If you’ve been to Portland, Ore., recently, you may have seen Sneakin’ Out performing outside of a gas station, at a bus stop, coffee shop, the park—anywhere the unlikely trio of mandolin, acoustic bass and everything-but-the-kitchen-sink percussion can demonstrate their eclectic sound.
Mike Schmitt, Don Henson and David Gerow first crossed paths in Michigan through a mutual friend and a series of somewhat serendipitous events. Two out of three reunited years later in the Northwest when Gerow called Schmitt out of the blue.
“I got wind that he was coming back, and I barely knew him,” says Schmitt. “He said, ‘It’s Dave. Remember me? I moved to Portland. I don’t know anybody. I’m bored and broke. I’m hungry—can I come over?’”
That night, Gerow moved into Schmitt’s house—and never left. “We started working on this duo that had, at that time, no name, no repertoire, no nothing,” says Schmitt. “Dave didn’t even know how to play the bass.”
Within a couple of weeks, with four songs under their belt, they took to the streets. Gerow played familiar melodies on mandolin and Mike eked out simple bass lines. “Everyone who walked by would say pretty much the same thing: ‘I’ve never heard anything like this,’” Gerow recalls.
Encouraged by the response, they continued to play. Constantly.
Gerow, in his mid-30s, new to town, an unemployed musician, saw his opportunity to make something of his fledgling music career.
“I’ve got 25 years experience, and I’ve got this eager, enthusiastic guy who will just follow me anywhere—it didn’t matter what it was for, or how long,” Gerow says. “He didn’t have a vehicle or any money himself. So he would carry this full-scale upright bass, without a gig-bag, on a bicycle, under his arm and ride 20, 30 blocks to where I said, ‘Meet me at 7 o’clock in the morning so we can play these four songs for $2 apiece and a cup of coffee. Maybe.’”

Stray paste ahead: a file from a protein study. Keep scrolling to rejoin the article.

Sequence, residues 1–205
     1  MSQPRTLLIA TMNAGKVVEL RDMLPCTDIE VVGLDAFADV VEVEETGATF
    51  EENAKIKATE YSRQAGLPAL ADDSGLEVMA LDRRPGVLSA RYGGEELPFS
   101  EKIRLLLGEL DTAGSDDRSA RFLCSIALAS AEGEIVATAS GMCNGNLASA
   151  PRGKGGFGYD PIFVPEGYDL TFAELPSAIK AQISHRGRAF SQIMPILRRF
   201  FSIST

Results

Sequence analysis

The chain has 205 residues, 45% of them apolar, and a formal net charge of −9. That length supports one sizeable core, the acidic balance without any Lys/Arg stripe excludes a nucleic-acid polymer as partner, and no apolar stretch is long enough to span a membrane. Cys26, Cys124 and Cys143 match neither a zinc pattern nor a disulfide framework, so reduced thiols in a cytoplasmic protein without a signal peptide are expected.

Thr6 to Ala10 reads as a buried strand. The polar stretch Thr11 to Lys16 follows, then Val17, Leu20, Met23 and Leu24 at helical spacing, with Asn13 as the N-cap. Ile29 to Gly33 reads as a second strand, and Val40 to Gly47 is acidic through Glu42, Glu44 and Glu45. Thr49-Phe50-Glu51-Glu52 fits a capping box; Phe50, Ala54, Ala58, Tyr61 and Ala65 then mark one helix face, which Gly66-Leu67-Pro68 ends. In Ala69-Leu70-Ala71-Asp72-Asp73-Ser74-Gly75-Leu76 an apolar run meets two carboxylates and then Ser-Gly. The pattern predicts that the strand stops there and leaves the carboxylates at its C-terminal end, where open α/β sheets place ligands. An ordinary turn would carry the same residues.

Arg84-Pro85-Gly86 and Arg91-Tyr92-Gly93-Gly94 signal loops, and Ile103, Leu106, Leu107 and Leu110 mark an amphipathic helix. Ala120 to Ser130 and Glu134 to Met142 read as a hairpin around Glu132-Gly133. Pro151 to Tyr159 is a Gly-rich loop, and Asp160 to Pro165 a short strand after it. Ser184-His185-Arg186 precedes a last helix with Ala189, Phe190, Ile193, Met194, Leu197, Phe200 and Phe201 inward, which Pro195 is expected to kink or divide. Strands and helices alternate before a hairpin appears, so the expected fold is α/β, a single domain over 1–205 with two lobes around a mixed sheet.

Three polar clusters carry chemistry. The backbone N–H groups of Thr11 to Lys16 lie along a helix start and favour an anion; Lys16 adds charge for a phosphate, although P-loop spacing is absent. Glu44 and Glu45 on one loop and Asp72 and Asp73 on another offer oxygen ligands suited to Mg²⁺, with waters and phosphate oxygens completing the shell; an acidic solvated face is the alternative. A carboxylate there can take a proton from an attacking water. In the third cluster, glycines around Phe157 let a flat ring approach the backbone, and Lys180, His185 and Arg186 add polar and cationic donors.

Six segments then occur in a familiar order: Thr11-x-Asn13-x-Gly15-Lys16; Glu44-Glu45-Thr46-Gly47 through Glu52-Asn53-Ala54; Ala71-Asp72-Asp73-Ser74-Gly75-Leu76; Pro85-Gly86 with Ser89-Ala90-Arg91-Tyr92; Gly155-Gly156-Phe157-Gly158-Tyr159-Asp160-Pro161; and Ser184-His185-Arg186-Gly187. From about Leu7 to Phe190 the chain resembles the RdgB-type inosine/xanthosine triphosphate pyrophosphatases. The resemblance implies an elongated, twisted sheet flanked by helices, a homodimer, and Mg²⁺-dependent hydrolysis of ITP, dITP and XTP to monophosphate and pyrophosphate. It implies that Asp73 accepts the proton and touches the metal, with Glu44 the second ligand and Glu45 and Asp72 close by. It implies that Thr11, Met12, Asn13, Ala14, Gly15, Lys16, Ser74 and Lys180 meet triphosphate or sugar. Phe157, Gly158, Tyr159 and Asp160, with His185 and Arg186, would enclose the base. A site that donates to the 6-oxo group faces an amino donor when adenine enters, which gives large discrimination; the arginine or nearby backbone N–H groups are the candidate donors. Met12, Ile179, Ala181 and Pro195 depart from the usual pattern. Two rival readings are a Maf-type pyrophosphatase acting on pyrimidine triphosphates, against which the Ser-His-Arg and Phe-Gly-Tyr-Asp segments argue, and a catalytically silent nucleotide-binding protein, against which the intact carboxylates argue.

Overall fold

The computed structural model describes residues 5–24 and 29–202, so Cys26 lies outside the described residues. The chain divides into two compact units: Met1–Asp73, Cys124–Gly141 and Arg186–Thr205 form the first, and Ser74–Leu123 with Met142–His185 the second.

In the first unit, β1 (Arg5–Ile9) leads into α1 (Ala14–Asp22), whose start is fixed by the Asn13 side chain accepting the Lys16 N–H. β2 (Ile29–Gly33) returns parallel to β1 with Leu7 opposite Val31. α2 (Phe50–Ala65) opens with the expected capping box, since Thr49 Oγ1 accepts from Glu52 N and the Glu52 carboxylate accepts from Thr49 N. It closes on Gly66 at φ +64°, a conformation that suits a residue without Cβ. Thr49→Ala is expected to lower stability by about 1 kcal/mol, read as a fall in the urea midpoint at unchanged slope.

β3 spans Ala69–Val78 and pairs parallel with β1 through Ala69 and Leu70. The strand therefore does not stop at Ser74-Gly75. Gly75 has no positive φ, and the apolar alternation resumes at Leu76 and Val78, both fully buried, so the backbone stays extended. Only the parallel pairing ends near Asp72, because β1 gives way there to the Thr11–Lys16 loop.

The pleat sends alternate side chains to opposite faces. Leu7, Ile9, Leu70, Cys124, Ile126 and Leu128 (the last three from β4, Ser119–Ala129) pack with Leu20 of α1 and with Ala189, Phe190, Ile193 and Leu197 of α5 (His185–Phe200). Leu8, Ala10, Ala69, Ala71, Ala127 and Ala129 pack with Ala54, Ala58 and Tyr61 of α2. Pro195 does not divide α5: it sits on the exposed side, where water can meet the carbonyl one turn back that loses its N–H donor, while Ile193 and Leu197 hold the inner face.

By the time Henson returned to Portland from Michigan two months later, Schmitt and Gerow had worked up a set of 12 songs. It didn’t take long before those songs inspired Sneakin’ Out to become a bona fide band.
On the morning of their first gig as a trio, Gerow suggested they play an improv version of Pink Floyd’s “Money.” The venue owner grabbed a cheap Easter basket from a nearby shelf filled with miscellaneous percussion instruments—claves, maracas, a tiny tambourine and random toys. He handed it to Henson and said, “Hey, you might as well join in.” Henson sat on the curb and dug through the basket. He pulled out a couple of items and, with zero preparation, launched into the song’s familiar cash-register intro.
“I’m not sure what he did, between the shakers and the tambourine and whatever he had. There was a service bell. With all these things he just came up with the intro,” Gerow says. “And everybody knew just instantly exactly what it was, and even the look on Don’s face was, ‘What the hell is going on?’ Mike came in with the bass line and I came in with my part and that was the first song that we ever all three played together. It was so serendipitous. And from that point on, we have been pedal to the metal, nonstop, in pursuit of that moment.”